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nancy sv
05-11-2008, 05:22 AM
I just got an email from an agent - she wants the first 50 pages or so and a 3 - 5 page synopsis of my work. Is there any suggested format for a synopsis of that length? I've got a one-page overview of the book written up, but never even considered a 3 - 5 page one? Should I go chapter by chapter or should it just be a long essay-type thing?

nancy sv
05-11-2008, 05:31 AM
I should add that I have chapter summaries written up - ends up being 7 pages, but that's with all the extra spaces in there due to Chapter Titles. I could basically take out the chapter titles and just put the summaries together and it would probably come in at5 pages or so. Would that work?

IceCreamEmpress
05-11-2008, 05:36 AM
could basically take out the chapter titles and just put the summaries together and it would probably come in at 5 pages or so. Would that work?

I think that would be a great start. My guess is that once you'd done that, you'd see things you wanted to tweak and streamline.

Cathy C
05-11-2008, 06:22 AM
It sort of depends on whether the agent wants a chapter overview or a "narrative" synopsis. It really depends on the agent, so since you're already looking at a rewrite---if I were in your shoes, I'd simply ASK. Send a quick reply thanking them for their interest, and ask if the agent PREFERS a chapter outline or a narrative (which implies that you have both ready. ;) ) You can also ask at that time if you should send it as an attachment or in the body. Again, different agents prefer different things.

It's considered perfectly acceptable to ask this stuff once they've contacted you with interest in it.

Good luck! :)

maestrowork
05-11-2008, 07:57 AM
Fiction or non-fiction? For non-fiction, you actually should be giving the chapter-by-chapter outline. To fit that into 2-3 pages, you probably only have room for one or two paragraphs per chapter, depending on the number of chapters. Also, synopsis/outlines are single-spaced.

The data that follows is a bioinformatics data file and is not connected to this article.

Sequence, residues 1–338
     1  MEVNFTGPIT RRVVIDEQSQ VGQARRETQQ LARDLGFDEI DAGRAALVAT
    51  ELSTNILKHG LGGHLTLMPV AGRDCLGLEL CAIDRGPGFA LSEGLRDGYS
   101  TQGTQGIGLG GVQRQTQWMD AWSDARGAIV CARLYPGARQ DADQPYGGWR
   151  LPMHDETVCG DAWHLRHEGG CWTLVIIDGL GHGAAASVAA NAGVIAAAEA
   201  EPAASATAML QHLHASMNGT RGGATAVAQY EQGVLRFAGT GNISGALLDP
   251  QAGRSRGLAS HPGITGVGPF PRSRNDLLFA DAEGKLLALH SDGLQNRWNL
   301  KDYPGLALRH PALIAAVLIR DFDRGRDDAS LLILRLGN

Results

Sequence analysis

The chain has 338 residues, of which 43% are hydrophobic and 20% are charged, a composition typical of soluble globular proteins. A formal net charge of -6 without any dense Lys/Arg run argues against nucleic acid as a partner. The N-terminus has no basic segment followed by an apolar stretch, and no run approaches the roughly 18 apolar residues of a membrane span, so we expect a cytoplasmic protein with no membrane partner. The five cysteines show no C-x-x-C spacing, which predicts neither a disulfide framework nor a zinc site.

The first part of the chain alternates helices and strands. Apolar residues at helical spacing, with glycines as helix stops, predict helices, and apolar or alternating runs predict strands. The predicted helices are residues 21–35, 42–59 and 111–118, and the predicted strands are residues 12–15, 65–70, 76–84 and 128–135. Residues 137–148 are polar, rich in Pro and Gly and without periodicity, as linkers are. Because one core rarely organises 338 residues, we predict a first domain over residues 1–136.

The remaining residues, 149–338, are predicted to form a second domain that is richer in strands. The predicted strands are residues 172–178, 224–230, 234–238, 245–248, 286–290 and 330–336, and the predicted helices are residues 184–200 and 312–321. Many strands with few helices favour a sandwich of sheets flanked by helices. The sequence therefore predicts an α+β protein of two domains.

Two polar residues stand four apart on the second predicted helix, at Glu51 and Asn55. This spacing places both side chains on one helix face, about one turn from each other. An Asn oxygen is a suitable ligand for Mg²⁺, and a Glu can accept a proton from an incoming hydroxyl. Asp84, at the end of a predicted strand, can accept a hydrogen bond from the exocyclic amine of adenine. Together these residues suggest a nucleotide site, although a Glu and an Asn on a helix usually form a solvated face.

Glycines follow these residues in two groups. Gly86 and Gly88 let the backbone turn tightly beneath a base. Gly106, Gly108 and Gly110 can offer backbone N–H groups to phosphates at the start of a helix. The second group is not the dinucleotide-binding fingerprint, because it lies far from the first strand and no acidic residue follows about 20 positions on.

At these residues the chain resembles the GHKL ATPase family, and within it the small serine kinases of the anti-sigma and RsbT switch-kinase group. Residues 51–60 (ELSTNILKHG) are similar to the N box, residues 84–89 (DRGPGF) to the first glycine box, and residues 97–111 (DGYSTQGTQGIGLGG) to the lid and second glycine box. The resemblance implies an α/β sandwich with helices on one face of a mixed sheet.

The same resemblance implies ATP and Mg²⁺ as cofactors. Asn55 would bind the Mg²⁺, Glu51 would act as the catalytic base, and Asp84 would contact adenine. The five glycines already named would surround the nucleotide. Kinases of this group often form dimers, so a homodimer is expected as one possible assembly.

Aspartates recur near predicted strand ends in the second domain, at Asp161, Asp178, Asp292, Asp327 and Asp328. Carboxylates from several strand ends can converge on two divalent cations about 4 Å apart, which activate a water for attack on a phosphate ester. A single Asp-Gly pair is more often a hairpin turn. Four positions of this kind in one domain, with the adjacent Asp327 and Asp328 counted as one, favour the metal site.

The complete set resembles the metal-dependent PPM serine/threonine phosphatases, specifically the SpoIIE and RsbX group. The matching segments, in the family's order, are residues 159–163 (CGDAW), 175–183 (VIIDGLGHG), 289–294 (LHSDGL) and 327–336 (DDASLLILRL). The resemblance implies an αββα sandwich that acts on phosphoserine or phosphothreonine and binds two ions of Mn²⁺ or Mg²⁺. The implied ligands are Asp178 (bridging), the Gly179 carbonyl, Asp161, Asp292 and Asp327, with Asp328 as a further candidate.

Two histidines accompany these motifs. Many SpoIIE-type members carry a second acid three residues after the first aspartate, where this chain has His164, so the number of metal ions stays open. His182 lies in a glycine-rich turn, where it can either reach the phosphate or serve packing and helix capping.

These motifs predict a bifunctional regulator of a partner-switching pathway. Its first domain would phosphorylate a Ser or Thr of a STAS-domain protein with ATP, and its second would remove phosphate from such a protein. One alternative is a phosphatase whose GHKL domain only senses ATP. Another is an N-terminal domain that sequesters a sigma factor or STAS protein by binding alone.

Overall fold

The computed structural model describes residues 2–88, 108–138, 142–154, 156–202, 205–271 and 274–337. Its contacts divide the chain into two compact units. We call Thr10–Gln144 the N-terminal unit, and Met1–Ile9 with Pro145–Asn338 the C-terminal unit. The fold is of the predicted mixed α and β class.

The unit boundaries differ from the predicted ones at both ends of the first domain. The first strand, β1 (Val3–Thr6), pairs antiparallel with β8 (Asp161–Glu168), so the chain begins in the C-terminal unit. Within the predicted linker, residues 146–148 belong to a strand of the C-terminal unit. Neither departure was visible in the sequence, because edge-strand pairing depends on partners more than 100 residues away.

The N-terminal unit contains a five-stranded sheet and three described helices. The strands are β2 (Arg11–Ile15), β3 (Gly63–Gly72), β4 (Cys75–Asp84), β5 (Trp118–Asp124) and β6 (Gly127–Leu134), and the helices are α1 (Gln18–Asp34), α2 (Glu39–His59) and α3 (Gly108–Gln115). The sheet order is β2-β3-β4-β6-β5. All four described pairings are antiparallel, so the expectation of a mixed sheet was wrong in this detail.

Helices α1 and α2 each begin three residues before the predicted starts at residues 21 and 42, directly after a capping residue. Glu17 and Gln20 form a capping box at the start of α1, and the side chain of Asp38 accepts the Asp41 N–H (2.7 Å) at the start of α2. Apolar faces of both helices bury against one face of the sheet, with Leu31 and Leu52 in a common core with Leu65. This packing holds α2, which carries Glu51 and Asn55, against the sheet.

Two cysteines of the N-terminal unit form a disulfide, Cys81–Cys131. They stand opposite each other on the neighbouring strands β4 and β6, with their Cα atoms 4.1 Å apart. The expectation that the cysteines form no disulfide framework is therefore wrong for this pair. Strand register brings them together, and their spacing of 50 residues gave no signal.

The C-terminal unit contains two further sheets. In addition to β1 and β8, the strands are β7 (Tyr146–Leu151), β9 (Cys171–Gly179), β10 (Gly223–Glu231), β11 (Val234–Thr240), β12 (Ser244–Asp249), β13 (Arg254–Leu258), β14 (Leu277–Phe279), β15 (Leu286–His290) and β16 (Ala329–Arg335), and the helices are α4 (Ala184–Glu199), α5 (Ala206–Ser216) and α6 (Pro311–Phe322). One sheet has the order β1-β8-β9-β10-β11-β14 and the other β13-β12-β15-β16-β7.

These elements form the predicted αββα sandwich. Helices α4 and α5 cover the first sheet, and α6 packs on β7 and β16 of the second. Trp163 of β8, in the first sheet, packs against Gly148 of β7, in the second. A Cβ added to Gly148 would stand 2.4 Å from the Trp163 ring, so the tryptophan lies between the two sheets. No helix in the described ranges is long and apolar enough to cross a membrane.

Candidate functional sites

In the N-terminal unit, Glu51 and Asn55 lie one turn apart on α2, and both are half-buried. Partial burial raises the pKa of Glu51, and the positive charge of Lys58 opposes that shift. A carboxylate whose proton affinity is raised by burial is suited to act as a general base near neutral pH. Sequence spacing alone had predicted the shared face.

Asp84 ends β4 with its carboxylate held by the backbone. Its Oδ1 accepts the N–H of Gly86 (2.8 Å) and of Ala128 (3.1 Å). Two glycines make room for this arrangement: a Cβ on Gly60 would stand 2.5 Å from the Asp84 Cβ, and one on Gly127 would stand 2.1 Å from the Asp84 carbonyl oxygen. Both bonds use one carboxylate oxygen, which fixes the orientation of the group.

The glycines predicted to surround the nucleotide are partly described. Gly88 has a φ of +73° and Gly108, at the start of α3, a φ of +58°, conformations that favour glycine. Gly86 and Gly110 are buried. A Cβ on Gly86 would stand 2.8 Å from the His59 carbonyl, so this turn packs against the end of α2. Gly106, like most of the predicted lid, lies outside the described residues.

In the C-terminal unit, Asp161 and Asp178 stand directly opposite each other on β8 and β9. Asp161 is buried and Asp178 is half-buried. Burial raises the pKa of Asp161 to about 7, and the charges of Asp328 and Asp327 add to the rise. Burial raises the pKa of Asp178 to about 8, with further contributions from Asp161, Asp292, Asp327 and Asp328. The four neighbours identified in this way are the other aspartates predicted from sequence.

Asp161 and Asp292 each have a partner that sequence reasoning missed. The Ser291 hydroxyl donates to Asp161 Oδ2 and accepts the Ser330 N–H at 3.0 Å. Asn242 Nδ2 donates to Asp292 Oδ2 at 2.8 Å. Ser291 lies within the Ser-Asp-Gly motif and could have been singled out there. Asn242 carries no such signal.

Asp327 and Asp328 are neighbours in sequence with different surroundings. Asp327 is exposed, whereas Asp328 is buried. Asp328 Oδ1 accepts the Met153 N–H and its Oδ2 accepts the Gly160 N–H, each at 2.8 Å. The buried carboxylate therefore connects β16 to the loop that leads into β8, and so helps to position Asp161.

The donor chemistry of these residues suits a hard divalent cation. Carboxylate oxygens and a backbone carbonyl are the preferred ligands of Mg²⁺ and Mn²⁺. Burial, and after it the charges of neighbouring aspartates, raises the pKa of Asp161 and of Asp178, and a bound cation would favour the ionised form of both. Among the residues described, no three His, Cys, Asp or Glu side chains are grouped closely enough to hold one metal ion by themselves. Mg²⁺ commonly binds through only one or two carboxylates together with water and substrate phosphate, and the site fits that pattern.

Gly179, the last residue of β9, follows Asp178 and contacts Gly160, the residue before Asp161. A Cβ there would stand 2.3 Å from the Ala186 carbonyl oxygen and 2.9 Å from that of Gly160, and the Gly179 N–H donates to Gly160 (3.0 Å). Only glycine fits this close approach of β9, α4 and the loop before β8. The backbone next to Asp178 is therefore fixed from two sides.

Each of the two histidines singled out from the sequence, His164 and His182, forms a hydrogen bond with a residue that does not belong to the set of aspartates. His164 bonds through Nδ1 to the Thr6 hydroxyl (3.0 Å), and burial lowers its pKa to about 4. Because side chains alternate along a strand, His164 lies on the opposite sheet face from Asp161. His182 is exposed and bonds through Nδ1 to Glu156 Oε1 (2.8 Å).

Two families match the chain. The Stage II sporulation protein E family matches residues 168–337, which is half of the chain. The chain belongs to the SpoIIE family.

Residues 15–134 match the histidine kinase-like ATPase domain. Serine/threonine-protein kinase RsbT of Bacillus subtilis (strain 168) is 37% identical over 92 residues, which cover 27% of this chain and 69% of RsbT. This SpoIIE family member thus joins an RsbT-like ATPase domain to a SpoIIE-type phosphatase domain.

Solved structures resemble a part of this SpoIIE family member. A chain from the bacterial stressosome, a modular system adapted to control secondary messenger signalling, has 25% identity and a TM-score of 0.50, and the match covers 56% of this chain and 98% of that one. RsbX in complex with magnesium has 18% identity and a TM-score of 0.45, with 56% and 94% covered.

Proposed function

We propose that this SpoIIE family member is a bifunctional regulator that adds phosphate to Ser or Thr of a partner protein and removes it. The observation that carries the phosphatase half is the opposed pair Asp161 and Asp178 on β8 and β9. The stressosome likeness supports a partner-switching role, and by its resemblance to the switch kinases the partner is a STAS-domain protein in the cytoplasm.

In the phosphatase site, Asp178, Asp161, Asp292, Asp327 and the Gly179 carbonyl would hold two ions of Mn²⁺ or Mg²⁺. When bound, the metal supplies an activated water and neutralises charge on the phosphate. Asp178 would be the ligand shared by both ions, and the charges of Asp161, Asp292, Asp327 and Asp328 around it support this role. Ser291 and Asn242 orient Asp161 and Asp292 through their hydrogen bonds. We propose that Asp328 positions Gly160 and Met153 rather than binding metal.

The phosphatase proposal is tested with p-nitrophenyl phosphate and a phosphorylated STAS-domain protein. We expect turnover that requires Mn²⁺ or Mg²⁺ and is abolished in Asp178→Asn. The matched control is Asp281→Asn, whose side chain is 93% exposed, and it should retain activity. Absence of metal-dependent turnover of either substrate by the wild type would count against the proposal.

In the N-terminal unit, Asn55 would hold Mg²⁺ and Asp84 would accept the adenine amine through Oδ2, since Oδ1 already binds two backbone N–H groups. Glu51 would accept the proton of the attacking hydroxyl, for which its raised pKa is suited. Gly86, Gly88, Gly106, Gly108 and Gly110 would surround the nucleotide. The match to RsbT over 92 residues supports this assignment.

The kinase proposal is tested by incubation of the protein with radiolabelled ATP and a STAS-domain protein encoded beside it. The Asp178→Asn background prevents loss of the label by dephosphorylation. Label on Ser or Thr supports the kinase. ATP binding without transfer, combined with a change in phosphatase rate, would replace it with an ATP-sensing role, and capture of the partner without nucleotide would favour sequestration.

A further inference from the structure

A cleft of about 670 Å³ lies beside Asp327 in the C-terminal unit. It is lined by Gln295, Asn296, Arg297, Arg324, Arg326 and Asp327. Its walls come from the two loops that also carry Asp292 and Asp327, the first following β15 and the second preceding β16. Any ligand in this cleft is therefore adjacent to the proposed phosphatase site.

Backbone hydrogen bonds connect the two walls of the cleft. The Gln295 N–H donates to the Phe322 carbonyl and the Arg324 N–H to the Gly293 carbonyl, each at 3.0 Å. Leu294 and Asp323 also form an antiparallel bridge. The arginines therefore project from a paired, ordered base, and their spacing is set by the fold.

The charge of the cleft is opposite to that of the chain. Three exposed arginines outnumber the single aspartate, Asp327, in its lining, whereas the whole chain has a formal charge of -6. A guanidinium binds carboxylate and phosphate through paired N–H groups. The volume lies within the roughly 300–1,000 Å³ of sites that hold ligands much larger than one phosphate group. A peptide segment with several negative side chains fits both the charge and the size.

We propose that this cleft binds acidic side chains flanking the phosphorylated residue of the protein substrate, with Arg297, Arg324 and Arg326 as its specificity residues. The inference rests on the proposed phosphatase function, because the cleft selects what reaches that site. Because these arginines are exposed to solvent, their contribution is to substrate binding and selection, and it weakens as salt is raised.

nancy sv
05-11-2008, 08:06 AM
Thanks! I just sent her an email asking what kind of synopsis she wants.

JeanneTGC
05-11-2008, 08:09 AM
I agree you should ask. I did a synopsis in "voice" and my agent HATED it. Once I found out she didn't care for that style, I went back to the straight on, what's key to the plot synopsis and she's always been happy with them.

"Your Novel Proposal, From Creation to Contract", by Camenson and Cook, has some excellent examples of synopses. Also, there are some wonderful examples up on the Romance Forum (and thanks again to Cathy C for putting those up there!).

nancy sv
05-11-2008, 08:20 AM
She just replied and said to send both (if I have them)!! Now what do I do? I used the chapter summaries to create the narrative, so they are basically identical. Do I need to rewrite one? Or should I send them both in? Or should I just send one?

Cathy C
05-11-2008, 08:40 PM
A narrative synopsis reads like a short story, rather than touching on the details of what happens in each chapter. It doesn't focus very much on subplots, except to say that there ARE some. But it focuses heavily on the character's motivation for their actions and some of the worldbuilding (depending on your genre.) You might want to look at some of the ones (http://www.absolutewrite.com/forums/showthread.php?t=71843)that other writers have posted in the romance room. Ignore the genre---you're looking for the details of what makes it a working synopsis.

Mostly, don't panic at this point. If you don't feel comfortable sending both, just send one with a "The narrative synopsis wasn't quite as strong as I'd hoped. I'd like to spend some more time on it, so if you still want to see it, I can send it in a week or so. But here's the chapter outline to get you started."

Or something like that. In the alternative, you can say write back to say that you're doing a final proofread and will send everything in a week or so. That's perfectly acceptable in the business.

Relax and just send your best work---whatever that might be. :)